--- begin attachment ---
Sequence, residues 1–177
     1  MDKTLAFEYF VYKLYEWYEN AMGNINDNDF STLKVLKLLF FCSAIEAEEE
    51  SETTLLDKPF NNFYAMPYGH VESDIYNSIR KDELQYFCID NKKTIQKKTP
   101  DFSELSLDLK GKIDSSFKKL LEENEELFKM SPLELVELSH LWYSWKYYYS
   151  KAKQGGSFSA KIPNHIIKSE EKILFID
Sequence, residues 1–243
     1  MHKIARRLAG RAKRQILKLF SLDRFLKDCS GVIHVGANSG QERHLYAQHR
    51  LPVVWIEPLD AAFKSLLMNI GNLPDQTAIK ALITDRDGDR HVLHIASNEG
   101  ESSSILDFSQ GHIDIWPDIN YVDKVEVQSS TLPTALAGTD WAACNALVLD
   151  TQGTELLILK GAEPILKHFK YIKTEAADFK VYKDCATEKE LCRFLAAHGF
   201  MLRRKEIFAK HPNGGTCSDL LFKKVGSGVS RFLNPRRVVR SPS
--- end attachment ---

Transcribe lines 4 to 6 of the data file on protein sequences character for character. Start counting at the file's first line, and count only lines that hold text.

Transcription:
   101  DFSELSLDLK GKIDSSFKKL LEENEELFKM SPLELVELSH LWYSWKYYYS
   151  KAKQGGSFSA KIPNHIIKSE EKILFID
Sequence, residues 1–243